Guest commentary: In defense of Marina Coast Water District

Peninsula Premier Admin

As a resident of Marina and the president of the Board of Directors of Marina Coast Water District, I feel it is very important to correct inaccurate statements provided by former Congressman Sam Farr. Yes, MCWD has needed to expend legal fees in the past few years; however, the bulk of those fees are to protect our precious water source from California American Water. Cal Am seeks to construct a desalination plant that will degrade our sole water supply source, groundwater, and cause further saltwater intrusion into our basin.  Cal Am proposes to pump groundwater without groundwater rights and recently withdrew its application to the Coastal Commission for those wells after Coastal Commission staff recommended denial of the permit due to the project’s environmental impacts and infeasibility.

The report also found the project involved “the most significant environmental justice concerns the Commission has considered” due in part to the project’s impacts on MCWD’s customers.

In fact, Friday, when the Herald article was published online, MCWD obtained a big win in its case against Monterey County and Cal Am. A Monterey County judge found that the County “seemed to defy logic and common sense” when it provided Cal Am a permit to build the desal plant without a water source.  Therefore, the court has sided with MCWD and ruled the County must rescind its approval of Cal Am’s desalination plant.

Bay View Community DE, LLC v. MCWD, referenced in the Herald article, was brought by a mobile home park owner which has not paid its water bills for more than six years.  District’s accounting records indicate the owner owes over $850,000 in unpaid bills to MCWD. Bay View also seeks to have MCWD take over the internal water/sewer system, built and owned by Bay View, which would shift the costs to maintain and upgrade that system away from the owner of a $70-plus million private property onto MCWD’s other Ord ratepayers. Both parties attended mediation but the case has not settled and is ongoing.

Mr. Farr argues the grand jury should investigate the differential between the rates for the former Fort Ord versus central Marina.  In fact, the civil grand jury published a public report in 2017 finding the higher costs for the Ord cost center are justified because the Ord system is larger and older than central Marina, requiring more operation, maintenance and replacement expenses.

Mr. Farr compares MCWD’s employees’ salaries to those of the Monterey Peninsula Water Management District’s (MPWMD) and calls for MPWMD to take over MCWD.  First, this is like comparing apples to grapefruits because the MPWMD does not provide water or sewer services as MCWD does.  Cal Am is the water purveyor for MPWMD’s constituents, so the cost of Cal Am’s staff and Cal Am’s water rates must be included in any comparison. The MPWMD regulates water use within the Peninsula and has a part in wholesaling water from Pure Water Monterey to Cal Am.  MPWMD does not require the significant expert staffing that MCWD does such as certified system operators, professional engineers, and customer service representatives.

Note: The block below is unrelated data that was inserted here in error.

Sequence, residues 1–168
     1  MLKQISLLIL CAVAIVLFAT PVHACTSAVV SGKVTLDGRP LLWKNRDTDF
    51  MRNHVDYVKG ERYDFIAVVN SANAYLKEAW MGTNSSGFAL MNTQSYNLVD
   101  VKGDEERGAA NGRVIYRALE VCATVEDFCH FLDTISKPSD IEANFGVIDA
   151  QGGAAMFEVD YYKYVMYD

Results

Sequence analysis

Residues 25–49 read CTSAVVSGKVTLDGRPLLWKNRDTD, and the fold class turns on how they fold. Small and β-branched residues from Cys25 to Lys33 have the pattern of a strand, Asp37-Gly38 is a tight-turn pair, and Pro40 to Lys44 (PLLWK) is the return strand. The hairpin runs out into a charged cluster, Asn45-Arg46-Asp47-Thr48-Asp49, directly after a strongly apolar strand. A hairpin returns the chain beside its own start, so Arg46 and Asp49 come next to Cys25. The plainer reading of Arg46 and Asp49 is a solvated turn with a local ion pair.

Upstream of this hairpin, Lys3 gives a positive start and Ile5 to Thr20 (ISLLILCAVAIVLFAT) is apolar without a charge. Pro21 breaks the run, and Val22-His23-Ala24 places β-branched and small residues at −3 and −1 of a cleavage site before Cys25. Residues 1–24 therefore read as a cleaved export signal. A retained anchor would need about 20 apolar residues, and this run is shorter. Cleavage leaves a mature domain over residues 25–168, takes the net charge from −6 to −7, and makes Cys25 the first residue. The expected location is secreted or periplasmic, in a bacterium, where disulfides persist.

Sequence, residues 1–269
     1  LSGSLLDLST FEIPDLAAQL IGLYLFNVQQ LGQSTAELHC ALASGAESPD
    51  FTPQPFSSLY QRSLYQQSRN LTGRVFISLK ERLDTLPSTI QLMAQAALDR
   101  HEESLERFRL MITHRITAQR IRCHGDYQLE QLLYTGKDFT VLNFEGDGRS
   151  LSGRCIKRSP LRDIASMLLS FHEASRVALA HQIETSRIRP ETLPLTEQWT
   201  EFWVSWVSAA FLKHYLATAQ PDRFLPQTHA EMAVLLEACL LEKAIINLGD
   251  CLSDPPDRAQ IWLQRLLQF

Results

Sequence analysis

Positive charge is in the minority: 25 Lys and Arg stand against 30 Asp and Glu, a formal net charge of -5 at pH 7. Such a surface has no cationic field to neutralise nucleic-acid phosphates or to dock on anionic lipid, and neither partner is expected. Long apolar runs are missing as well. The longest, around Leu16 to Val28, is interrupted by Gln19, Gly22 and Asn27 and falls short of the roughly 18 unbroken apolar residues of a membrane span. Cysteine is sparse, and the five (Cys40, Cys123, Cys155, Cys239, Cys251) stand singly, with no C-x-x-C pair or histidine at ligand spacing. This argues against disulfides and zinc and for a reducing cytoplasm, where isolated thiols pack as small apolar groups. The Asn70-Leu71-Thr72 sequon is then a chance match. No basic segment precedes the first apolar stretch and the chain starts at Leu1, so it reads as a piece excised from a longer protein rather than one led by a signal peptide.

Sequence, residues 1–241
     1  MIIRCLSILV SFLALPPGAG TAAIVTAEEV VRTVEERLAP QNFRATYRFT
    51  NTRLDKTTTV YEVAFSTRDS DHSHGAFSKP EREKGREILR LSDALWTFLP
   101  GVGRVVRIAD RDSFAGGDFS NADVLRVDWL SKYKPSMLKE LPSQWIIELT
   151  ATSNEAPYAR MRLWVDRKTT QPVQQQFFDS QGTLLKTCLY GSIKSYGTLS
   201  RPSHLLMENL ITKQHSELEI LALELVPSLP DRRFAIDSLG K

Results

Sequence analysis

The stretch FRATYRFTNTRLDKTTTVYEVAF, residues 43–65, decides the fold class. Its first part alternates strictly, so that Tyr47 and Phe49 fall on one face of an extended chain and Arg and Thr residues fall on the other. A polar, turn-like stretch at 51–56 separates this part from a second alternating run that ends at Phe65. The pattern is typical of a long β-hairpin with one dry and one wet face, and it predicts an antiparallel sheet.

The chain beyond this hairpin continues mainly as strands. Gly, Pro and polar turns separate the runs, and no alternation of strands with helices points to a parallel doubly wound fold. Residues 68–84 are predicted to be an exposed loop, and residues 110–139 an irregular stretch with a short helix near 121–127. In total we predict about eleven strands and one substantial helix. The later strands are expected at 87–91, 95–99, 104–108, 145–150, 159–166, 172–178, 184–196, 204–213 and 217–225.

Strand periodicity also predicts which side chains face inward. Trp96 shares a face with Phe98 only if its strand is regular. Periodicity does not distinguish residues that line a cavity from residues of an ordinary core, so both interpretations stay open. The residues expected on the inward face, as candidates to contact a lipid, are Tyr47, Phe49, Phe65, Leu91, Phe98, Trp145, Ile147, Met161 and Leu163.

MCWD is the only public water and sewer collection provider in the Peninsula community, and when compared to public agencies that serve only wastewater such as Carmel Wastewater Agency, Monterey One Water, and Pebble Beach Community Services District, MCWD has the lowest combined salary and benefits average per employee.  This can be easily verified by reviewing the State Controller’s website. So, while Farr is correct in stating that the MPWMD average salaries are lower than MCWD, it is because the services provided are not equivalent.  In fact, MCWD is one of very few organizations in the state where the System Operators are cross-trained in water and sewer, which greatly reduces the number of staff required to run the system, thus reducing the overall costs to MCWD’s ratepayers.

Cal Am has a five-tier billing system and their typical residential bill is at least double the cost of an MCWD bill and that is without desal, which will further increase rates.  Mr. Farr supports a private investor-owned for-profit company where ratepayers have no public input or decision making, providing less transparency than MCWD’s customers have.

In closing, Mr. Farr has done good things for the Peninsula but he needs to understand water rates and good customer service. I respectfully submit this letter to set the record straight.

These views are my own and do not necessarily reflect those of the MCWD or its Board of Directors.

Contributed by local news sources

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